Dyspnea After Liver Transplant: What’s Taking His Breath Away?

Symptoms and Diagnosis of PTLD

The clinical presentation of PTLD is highly variable. Due to the systemic nature of the disease, a high index of suspicion must be maintained when considering PTLD in a patient’s differential diagnosis. Patients may present with constitutional symptoms, such as weight loss, fevers or night sweats, and swollen lymph glands, or more specific complaints, including abdominal pain, gastrointestinal bleeding, or sore throat. Physical exam signs include the following: lymphadenopathy, hepatosplenomegaly, oral ulcers, and focal neurologic deficits. Histopathologic examination is ultimately necessary to confirm the diagnosis of PTLD. Remember, the incidence of PTLD after 5 years post liver transplant is 1.1%.  This schematic outlines the important elements of PTLD diagnosis:

Figure 1 – Approach to Diagnosis of PTLD after Liver Transplant

Image taken from: Managing the Challenge of PTLD in Liver and Bowel Transplant Patients. BJH 2015; 169:157-172.

Back to the case

The patient underwent a thoracentesis with two liters of pleural fluid removed. Fluid analysis revealed an exudative effusion by Light’s criteria and showed 23% unclassified cells. Give the location  of the mass, a triple phase liver MRI was obtained. This showed retrocaval, mesenteric, and retroperitoneal lymphadenopathy, along with a large mass indenting upon the liver. Fungal (blastomycosis, histoplasmosis, coccidiomycosis) and viral studies (CMV, EBV) were negative. A CT-guided biopsy of the right chest wall mass was then performed, with histopathology showing a high grade B-cell lymphoma compatible with B-cell lymphoma.

Given the findings of a chest wall mass and LAD, a hepatic hydrothorax (HH) is unlikely to account for the patient’s symptoms. Additionally, in most cases of HH, the pleural fluid is transudative by Light’s criteria (Need a refresher on HH? Review our recent LFN post here). Lung cancer could account for his presentation, however the extent of his lymphadenopathy and the pathology results confirm a lymphoma, compatible with PTLD. Similarly, the patient is at risk for a disseminated infection such as histoplasmosis or tuberculosis, but the biopsy is not consistent with infection. He also lacked signs and symptoms typical of infections, such as fevers, chills, and night sweats.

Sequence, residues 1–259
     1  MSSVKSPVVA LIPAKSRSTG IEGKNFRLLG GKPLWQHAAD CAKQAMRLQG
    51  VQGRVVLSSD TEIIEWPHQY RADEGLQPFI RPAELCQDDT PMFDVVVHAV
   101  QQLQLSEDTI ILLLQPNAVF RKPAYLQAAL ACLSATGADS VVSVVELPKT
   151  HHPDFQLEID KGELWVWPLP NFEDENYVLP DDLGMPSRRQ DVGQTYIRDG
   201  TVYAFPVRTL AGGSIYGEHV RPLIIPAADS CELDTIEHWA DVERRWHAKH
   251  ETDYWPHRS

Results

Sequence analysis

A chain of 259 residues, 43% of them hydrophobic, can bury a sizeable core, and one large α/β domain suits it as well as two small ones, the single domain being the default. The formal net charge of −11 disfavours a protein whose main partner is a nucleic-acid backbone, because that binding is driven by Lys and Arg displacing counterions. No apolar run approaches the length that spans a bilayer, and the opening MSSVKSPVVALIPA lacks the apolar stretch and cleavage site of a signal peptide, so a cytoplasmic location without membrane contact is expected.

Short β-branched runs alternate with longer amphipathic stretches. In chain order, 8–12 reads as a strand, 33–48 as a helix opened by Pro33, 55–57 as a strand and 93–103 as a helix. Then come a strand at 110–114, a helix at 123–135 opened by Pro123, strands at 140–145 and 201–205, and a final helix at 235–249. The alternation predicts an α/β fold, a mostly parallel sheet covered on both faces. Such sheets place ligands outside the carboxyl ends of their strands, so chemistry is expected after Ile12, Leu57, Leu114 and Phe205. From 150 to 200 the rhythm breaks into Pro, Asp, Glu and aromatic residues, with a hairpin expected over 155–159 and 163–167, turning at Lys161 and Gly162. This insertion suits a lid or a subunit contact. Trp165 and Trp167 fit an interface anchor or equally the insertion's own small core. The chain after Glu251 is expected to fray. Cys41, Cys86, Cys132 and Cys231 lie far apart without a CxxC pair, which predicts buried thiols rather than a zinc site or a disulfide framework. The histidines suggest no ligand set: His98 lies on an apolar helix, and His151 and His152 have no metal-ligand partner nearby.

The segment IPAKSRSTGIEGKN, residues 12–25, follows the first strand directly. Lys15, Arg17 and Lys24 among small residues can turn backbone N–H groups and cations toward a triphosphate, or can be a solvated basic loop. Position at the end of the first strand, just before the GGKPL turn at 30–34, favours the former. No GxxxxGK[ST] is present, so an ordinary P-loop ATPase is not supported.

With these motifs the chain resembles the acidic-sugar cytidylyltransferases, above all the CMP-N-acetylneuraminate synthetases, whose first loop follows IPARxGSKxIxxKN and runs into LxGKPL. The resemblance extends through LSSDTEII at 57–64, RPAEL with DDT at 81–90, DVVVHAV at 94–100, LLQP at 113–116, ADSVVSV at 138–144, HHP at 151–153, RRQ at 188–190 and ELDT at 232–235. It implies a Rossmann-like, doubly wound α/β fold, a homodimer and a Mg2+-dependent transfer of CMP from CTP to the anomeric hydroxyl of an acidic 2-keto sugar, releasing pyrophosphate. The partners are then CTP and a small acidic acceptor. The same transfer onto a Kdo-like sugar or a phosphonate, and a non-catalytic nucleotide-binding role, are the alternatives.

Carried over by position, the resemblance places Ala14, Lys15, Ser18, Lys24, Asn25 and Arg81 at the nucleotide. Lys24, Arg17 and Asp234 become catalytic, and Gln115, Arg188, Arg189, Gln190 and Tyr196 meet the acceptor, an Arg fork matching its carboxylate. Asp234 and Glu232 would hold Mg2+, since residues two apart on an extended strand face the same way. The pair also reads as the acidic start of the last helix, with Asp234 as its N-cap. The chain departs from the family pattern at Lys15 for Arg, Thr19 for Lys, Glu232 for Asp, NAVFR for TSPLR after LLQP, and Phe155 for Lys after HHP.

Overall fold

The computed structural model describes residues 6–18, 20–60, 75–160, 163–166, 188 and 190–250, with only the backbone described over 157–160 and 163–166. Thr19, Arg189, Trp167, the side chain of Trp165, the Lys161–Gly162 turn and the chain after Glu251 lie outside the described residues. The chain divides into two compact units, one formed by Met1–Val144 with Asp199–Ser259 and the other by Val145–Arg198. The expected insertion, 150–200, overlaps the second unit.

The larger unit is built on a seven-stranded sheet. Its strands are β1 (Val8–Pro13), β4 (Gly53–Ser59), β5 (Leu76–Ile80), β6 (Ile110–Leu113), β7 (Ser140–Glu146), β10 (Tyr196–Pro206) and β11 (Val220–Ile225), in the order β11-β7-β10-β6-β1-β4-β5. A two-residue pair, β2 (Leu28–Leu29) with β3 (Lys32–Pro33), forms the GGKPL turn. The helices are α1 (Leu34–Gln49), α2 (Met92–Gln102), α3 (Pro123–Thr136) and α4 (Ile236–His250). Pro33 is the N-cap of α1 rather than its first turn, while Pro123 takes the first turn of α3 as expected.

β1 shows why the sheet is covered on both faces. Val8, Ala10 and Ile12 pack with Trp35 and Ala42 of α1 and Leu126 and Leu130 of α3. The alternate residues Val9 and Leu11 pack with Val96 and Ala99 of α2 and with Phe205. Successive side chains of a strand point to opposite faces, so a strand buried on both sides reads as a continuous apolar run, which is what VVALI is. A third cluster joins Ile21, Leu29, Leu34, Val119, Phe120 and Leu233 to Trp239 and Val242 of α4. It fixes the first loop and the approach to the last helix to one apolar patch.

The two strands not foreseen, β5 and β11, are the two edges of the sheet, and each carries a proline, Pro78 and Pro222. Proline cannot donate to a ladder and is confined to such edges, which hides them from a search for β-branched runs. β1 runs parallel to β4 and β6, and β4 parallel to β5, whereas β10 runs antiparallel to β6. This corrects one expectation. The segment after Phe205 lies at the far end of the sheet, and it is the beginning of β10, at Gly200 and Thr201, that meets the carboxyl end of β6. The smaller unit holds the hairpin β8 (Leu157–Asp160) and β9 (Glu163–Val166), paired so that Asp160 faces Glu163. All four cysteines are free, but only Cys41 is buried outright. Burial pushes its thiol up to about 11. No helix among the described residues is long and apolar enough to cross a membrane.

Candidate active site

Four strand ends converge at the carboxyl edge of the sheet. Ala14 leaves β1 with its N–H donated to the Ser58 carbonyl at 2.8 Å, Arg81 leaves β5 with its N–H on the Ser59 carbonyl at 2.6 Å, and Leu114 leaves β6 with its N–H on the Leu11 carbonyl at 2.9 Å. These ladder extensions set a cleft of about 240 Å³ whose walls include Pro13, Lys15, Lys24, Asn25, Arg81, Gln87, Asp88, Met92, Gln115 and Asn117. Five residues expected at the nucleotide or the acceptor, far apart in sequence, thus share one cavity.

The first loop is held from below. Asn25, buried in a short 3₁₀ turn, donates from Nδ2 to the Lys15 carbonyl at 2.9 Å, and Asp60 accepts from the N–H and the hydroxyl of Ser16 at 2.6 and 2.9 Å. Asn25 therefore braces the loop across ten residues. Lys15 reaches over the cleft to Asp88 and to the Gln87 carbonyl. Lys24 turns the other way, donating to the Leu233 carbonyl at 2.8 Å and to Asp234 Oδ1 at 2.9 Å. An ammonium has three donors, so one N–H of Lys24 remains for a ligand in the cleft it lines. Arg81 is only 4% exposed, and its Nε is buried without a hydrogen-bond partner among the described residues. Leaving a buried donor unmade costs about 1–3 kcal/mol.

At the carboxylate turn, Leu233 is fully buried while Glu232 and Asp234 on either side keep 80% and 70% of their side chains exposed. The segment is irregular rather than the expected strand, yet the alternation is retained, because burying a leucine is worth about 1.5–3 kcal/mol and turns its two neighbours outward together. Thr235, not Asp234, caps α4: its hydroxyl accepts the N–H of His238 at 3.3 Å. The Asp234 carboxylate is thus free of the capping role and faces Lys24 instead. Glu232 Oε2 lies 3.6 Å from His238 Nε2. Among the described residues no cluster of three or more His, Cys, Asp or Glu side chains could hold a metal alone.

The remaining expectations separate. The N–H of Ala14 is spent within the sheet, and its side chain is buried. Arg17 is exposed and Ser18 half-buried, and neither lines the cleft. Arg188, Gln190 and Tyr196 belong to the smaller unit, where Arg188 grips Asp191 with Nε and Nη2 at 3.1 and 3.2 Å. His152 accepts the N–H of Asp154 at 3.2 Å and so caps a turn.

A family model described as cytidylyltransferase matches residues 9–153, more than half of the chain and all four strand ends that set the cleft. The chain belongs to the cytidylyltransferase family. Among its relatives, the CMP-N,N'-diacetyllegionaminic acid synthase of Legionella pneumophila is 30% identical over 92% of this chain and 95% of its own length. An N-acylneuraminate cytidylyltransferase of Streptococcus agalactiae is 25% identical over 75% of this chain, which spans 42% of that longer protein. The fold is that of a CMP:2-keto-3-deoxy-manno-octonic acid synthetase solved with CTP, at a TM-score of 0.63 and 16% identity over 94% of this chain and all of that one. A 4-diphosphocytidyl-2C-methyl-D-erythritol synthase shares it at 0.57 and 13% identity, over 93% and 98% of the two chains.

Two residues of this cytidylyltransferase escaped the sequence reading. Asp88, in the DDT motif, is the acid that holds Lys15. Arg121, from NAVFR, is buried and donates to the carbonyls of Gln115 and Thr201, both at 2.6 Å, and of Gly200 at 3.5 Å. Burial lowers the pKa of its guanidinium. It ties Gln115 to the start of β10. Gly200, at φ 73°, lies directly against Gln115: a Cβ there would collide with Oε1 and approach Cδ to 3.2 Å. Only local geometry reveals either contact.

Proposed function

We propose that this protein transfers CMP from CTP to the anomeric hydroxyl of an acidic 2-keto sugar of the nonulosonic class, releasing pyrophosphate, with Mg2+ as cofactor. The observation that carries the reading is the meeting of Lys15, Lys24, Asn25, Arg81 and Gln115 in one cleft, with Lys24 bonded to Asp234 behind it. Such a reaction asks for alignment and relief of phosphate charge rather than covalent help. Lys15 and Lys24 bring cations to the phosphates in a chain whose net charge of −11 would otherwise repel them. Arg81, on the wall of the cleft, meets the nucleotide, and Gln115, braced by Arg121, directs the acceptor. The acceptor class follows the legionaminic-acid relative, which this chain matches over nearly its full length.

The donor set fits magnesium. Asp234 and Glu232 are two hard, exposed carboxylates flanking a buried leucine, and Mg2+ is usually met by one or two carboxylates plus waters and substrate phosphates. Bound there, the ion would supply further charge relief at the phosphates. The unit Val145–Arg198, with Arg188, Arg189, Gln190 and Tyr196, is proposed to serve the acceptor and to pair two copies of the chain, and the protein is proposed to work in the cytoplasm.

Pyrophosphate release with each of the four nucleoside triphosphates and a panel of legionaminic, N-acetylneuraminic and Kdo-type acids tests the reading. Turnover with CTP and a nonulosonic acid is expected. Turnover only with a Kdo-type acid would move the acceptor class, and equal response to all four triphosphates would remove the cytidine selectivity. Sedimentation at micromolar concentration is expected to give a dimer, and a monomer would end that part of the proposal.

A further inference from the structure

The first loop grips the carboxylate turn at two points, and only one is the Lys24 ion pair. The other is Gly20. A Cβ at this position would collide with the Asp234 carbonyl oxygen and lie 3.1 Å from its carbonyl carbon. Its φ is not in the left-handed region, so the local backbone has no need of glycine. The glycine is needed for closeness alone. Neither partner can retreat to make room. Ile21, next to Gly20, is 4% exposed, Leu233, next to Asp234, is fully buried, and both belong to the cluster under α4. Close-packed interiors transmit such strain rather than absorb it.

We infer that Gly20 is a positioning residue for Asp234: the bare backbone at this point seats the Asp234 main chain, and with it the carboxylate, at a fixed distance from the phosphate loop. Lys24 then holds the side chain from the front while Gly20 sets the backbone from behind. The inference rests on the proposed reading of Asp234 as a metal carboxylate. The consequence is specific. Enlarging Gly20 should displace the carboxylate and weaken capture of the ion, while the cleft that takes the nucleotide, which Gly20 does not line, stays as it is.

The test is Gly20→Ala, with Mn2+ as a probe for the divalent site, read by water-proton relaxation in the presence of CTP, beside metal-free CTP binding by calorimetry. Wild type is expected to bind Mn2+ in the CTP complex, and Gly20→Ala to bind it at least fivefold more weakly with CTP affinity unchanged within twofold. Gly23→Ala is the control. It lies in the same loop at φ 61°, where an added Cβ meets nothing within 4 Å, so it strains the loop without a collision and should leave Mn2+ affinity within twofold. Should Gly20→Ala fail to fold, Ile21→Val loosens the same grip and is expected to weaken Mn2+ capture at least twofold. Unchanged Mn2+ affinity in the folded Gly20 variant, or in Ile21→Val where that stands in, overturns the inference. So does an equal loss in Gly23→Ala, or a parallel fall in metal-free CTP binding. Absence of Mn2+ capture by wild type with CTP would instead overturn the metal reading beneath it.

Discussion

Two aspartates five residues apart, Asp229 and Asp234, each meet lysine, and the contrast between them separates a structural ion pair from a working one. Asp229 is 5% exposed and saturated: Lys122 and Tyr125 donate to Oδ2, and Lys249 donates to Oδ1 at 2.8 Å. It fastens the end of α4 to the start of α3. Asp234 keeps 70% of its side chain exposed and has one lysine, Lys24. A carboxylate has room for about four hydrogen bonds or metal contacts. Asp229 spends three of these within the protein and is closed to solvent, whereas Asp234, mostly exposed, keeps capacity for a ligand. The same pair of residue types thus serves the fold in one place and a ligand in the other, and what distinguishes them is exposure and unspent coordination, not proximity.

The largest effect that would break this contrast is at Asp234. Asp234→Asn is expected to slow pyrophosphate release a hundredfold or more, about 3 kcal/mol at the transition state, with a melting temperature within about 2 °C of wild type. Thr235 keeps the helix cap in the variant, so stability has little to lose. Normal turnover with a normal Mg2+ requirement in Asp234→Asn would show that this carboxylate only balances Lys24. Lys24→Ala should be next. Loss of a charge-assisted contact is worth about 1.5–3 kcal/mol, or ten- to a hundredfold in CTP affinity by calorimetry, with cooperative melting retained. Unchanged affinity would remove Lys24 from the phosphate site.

Risk Factors for PTLD

The biggest risk factors for PTLD are immunosuppression, EBV infection, and age. Both increased intensity and duration of immunosuppression increase the risk for formation of PTLD. Calcineurin inihibitors, anti-thymocyte globulin, and azathioprine are the agents with the greatest risk for causing PTLD.

PTLD is more than twenty times more common in EBV seronegative patients than EBV seropositive patients. Immunosuppression leads to T cell downregulation, which can promote EBV infection, lymphocyte proliferation, and ultimately PTLD.

Management of PTLD

The first step in treatment for PTLD is reduction in immunosuppression. Expert recommendations include stopping anti-proliferative agents such as azathioprine and mycophenolate and reducing calcineurin inhibitor therapy by 30-50%. Studies show a 45% response rate, 37% complete response rate, and 17% relapse rate with this strategy. 

The gold standard treatment regimen is R-CHOP: rituximab, cyclophosphamide, doxorubicin, vincristine, and prednisone. Below are the summarized results of the PTLD-1 trial (Figure 2), which notably demonstrates a high response rate to R-CHOP with a median overall survival of 6.6 years, as well as an algorithm for PTLD treatment (Figure 3).

Figure 2 – R-CHOP treatment regimens in patients with PTLD from the PTLD-1 trial

Taken from:  Post-transplant Lymphoproliferative Disorder in Adults. N Engl J Med 2018; 378:549-562. CHOP: cyclophosphamide, doxorubicin, vincristine, prednisone; PTLD: post-transplant lymphoproliferative disorder

Figure 3 – Approach to Management of PTLD

Taken from: Managing the Challenge of PTLD in Liver and Bowel Transplant Patients. BJH 2015; 169:157-172.

Back to the case

After the biopsy was obtained, the patient’s immunosuppression was reduced—his tacrolimus was halved and cellcept was discontinued. The patient was discharged with follow up in oncology clinic, where the chemotherapy regimen R-CHOP was promptly started, with a robust clinical response.

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